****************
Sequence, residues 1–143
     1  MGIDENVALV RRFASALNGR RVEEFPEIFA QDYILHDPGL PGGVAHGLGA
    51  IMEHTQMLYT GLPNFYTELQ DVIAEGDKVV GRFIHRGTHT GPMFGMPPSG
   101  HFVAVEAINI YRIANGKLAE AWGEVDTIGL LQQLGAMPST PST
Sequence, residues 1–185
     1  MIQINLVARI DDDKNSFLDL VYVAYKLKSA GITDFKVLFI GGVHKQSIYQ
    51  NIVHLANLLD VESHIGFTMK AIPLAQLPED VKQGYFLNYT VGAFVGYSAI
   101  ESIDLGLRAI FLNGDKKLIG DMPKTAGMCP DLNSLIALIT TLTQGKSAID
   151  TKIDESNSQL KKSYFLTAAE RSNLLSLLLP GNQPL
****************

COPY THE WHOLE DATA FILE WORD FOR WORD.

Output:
Sequence, residues 1–143
     1  MGIDENVALV RRFASALNGR RVEEFPEIFA QDYILHDPGL PGGVAHGLGA
    51  IMEHTQMLYT GLPNFYTELQ DVIAEGDKVV GRFIHRGTHT GPMFGMPPSG
   101  HFVAVEAINI YRIANGKLAE AWGEVDTIGL LQQLGAMPST PST
Sequence, residues 1–185
     1  MIQINLVARI DDDKNSFLDL VYVAYKLKSA GITDFKVLFI GGVHKQSIYQ
    51  NIVHLANLLD VESHIGFTMK AIPLAQLPED VKQGYFLNYT VGAFVGYSAI
   101  ESIDLGLRAI FLNGDKKLIG DMPKTAGMCP DLNSLIALIT TLTQGKSAID
   151  TKIDESNSQL KKSYFLTAAE RSNLLSLLLP GNQPL